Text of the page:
The film Sea of Shadows brought to the screen by National Geographic Channel is a top pick by Monsters and Critics for one of the best documentaries of 2019.
The film feels like a modern-day thriller with unexpected riots, gunfights, and the threat of attack from the bonafide mafia and cartel members. These outlaws are hell-bent on fishing a specific species of fish in the stunning Sea of Cortez, a place that renowned sea explorer Jacques Cousteau referred to as the aquarium of all Earth’s oceans.
The violent fallout of their illegal fishing techniques as it relates to the elusive vaquita is what this documentary is all about.
The vaquita is a species of porpoise endemic to the northern part of the Gulf of California that is on the brink of extinction. Hard to find, the scientific description of the species was published relatively recently in 1958. The word vaquita is Spanish for “little cow.”
Sea of Shadows shows us the pending ecological disaster, which is given exhilarating lensing by Richard Ladkani’s double whammy of excellent direction and cinematography.
Based in the seaside town of San Felipe, Ladkani captures real-time moments that will have you on the edge of your seat. His work in Sea of Shadows displays his gutsy filmmaking techniques, highlighted by his use of nighttime drone footage to boat chases filmed from the middle from the action. We ride with brave people who are at risk of being assassinated — not an overstatement.
A good dramatic thriller needs a proper villain, and we have several to point fingers at in this story. The bad guys are fishing in the dead of night, after the totoaba, an endangered fish. But why?
The Chinese consumer’s demand for this fish is so insanely high, and the money they pay (via the Chinese mafia in Mexico) is such a lucrative venture that the Mexican drug cartels are jumping into skiffs and using drifting gillnets to scoop up as many as they can.
Unfortunately, the unintended casualty of these free-floating webs of death is that the vaquita is now on the brink of extinction.
In the documentary, Ladkani follows a dedicated team of scientists, conservationists, investigative journalists from Mexican television, and undercover agents as they try to save this precious endangered species.
This documentary is in the same wheelhouse of eco-thrillers as Richard’s The Ivory Game and other docs like Blackfish and The Cove.
At the center of the story is the sweet, panda-faced, little whale/porpoise-looking hybrid, which is now down to double digits in population. The battle to save it has turned this part of Mexico’s scenic coastal area facing Baja, California, into a contentious war-zone. Fishermen in need of making a living face-off with cartel fishers funded by Chinese mafia and the authorities in Mexico and Greenpeace all pitted against each other in various ways.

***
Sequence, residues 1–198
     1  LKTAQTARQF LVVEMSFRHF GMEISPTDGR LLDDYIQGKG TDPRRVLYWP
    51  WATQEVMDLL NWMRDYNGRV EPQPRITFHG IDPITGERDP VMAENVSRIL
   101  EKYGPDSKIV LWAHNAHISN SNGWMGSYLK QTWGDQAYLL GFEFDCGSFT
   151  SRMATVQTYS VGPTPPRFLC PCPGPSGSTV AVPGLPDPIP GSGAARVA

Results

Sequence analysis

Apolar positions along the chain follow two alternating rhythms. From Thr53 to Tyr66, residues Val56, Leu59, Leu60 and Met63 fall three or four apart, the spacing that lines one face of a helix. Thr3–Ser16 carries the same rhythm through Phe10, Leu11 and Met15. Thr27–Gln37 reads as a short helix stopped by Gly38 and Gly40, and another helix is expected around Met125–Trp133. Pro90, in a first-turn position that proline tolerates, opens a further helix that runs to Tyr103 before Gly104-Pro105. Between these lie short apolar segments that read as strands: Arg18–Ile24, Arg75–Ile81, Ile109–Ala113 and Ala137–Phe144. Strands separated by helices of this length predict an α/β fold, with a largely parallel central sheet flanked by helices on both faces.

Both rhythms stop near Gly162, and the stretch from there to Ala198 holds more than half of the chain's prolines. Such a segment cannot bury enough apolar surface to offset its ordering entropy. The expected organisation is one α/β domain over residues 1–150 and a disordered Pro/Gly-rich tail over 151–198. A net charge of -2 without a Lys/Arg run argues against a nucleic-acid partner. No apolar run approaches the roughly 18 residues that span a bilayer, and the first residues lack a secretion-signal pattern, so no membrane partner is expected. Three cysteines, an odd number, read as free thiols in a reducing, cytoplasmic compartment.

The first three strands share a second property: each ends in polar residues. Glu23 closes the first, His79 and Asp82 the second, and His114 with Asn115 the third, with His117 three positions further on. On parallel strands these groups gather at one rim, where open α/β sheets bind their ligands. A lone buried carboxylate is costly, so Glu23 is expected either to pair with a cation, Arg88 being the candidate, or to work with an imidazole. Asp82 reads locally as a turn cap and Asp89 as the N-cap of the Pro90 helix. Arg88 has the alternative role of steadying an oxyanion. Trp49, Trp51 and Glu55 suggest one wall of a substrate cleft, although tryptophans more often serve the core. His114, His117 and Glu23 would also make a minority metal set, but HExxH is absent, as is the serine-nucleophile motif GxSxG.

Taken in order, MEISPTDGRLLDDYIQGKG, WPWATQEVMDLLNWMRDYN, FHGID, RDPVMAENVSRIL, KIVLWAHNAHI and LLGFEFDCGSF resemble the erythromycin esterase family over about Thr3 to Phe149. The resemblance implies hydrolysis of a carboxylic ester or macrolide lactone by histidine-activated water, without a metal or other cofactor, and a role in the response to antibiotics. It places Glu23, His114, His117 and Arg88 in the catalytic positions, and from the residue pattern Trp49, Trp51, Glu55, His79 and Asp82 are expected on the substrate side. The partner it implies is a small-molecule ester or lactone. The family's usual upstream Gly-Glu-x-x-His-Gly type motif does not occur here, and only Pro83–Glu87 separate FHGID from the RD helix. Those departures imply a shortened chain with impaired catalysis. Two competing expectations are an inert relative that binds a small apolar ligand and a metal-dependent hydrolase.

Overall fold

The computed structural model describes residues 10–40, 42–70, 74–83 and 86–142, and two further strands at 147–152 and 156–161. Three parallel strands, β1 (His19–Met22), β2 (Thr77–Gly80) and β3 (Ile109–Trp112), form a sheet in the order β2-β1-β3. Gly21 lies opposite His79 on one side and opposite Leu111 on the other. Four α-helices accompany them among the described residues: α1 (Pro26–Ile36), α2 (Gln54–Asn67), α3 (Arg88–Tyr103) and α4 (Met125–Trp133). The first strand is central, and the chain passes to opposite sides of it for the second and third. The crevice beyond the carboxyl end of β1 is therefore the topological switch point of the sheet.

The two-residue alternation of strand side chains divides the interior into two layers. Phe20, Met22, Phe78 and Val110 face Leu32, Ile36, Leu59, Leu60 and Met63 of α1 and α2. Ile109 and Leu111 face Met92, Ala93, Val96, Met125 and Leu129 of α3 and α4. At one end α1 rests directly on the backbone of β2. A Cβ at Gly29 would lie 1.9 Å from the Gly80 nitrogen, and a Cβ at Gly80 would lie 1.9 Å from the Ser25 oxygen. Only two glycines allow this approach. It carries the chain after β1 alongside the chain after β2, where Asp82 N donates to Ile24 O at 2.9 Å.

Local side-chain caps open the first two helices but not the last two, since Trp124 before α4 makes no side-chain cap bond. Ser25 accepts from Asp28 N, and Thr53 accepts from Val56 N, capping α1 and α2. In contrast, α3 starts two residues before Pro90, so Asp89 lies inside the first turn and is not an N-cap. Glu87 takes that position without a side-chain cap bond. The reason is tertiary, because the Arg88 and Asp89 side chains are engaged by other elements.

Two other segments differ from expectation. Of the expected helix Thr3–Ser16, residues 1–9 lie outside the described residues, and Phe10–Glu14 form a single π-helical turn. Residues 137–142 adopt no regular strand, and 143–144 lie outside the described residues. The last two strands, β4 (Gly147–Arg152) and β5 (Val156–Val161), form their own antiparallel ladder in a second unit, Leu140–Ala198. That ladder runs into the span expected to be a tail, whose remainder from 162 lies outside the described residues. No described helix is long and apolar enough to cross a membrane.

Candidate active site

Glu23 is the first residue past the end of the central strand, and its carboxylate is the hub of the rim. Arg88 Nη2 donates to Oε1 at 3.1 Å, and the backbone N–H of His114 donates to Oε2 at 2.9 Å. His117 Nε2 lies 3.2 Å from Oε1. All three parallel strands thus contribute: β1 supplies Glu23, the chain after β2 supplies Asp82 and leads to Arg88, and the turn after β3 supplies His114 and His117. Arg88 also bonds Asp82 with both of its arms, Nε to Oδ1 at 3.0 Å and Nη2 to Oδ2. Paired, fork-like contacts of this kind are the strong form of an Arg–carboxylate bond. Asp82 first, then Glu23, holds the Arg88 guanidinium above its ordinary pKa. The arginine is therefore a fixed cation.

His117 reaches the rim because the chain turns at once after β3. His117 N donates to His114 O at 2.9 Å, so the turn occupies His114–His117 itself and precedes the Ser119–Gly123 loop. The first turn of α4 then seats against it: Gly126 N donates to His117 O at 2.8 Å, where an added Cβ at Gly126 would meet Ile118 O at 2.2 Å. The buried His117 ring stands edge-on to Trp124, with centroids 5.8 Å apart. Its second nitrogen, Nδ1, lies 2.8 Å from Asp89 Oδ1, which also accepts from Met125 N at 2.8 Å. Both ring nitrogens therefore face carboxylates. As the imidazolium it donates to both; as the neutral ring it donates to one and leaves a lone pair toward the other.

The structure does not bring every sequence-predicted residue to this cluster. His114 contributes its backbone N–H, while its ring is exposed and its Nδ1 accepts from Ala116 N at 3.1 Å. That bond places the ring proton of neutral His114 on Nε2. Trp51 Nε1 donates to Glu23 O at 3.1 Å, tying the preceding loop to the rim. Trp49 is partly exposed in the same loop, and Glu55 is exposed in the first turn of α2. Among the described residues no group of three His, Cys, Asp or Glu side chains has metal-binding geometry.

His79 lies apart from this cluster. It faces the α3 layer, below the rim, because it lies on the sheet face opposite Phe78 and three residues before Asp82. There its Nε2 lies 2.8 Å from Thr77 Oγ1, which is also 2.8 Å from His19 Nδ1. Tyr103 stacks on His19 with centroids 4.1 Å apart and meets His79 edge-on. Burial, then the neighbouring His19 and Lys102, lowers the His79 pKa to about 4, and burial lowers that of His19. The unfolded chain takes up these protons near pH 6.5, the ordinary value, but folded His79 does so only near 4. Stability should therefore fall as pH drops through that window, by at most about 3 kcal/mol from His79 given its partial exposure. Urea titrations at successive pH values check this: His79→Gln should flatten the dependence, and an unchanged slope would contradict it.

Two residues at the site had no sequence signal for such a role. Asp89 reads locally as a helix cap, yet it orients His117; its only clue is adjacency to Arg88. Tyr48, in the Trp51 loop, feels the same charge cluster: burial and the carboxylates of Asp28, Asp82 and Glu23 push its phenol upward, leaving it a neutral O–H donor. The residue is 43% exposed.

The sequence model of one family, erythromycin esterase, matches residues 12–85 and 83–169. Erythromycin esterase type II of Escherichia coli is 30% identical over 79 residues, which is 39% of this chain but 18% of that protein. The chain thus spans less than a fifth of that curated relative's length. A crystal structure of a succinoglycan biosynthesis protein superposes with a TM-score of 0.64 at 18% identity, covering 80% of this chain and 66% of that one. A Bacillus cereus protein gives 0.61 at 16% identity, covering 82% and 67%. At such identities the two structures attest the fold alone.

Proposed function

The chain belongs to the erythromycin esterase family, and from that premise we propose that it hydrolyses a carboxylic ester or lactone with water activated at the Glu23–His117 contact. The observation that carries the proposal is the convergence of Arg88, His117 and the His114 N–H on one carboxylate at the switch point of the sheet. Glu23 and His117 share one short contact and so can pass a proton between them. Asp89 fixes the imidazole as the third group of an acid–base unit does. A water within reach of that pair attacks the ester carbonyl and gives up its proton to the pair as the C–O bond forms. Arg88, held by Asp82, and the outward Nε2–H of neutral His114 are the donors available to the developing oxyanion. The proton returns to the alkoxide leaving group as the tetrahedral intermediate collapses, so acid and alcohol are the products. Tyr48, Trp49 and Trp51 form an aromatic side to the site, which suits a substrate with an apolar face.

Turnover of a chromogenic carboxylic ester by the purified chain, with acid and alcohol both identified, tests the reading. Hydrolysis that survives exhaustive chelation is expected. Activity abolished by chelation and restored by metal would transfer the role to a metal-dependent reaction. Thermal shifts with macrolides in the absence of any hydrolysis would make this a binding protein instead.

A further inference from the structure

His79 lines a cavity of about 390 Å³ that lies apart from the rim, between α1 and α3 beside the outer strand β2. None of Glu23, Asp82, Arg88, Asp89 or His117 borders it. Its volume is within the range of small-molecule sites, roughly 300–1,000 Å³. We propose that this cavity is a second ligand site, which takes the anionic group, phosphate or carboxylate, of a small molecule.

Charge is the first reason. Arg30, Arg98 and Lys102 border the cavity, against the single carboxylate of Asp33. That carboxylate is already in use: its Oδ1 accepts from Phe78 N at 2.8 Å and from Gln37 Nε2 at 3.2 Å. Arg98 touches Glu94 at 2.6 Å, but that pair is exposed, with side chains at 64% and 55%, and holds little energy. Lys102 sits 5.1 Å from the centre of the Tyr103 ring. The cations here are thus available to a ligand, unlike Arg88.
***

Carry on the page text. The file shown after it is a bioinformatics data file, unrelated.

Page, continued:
What is happening to the vaquita?
Death by drowning in floating gillnets and fishing gear. The Vaquita Refuge Area is meant to be a protected habitat for the species. However, illegal fishing boats are still caught fishing in the area by the Mexican government and are getting away with wholesale slaughter.
The “why” of it is demand. The Chinese prizes the large swim bladder of the totoaba, an endangered fish that lives in vaquita habitat. Illegal fishing for and trafficking in this fish has led to severe population losses for the vaquita and totoaba alike. As the totoaba goes, so do the vaquita by virtue of their proximity.
In 2017, Mexico tried a plan to mitigate the inevitable demise of critically endangered species, and captured vaquitas and put them in a safe pen near the coast. The intention was good, to safeguard vaquitas so they could safely reproduce while trying to get the illegal totoaba fishing under control.
But the plan didn’t work, and it turns out the vaquita wither and dies quickly in captivity. Now the race is on to get gillnet fishing eliminated.
Richard shoots the work of marine veterinarians Dr. Cynthia Smith and Dr. Lorenzo Rojas-Bracho, and brave Sea Shepherd staff like Jack Hutton and Earth League International’s Andrea Costa. The Sea Shepherd spends a good portion of their day trawling the Sea of Cortez for these gillnets and rescuing as many fish, mantas, vaquitas, and totoabas as they can before they perish immobilized by the net’s web.
Of course, the Chinese Mafia and Mexican cartels do not play nice, and the on-film moments gathered by Richard Ladkani, whose 2016 Netflix documentary The Ivory Game was on Oscar’s shortlist, is one of the most heart-stopping chain-of-events you will witness this year.
Even Jane Goodall noted her support for the work all of these people, including Richard Ladkani, are doing in a statement: